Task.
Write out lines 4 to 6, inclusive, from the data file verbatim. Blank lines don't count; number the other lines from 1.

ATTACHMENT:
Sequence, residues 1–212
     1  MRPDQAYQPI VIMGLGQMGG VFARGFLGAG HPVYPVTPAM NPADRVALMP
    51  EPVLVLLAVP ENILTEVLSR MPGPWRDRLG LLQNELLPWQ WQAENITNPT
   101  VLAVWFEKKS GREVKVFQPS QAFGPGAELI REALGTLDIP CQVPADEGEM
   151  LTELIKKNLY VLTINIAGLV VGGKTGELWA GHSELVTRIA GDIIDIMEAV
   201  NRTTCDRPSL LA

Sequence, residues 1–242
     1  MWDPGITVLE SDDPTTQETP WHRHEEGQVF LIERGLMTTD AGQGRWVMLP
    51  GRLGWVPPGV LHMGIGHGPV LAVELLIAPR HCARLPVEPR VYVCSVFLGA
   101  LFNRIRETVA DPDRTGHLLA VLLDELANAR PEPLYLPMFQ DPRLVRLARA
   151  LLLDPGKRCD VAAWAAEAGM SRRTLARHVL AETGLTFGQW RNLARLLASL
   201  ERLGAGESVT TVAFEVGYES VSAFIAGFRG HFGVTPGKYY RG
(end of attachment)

   101  VLAVWFEKKS GREVKVFQPS QAFGPGAELI REALGTLDIP CQVPADEGEM
   151  LTELIKKNLY VLTINIAGLV VGGKTGELWA GHSELVTRIA GDIIDIMEAV
   201  NRTTCDRPSL LA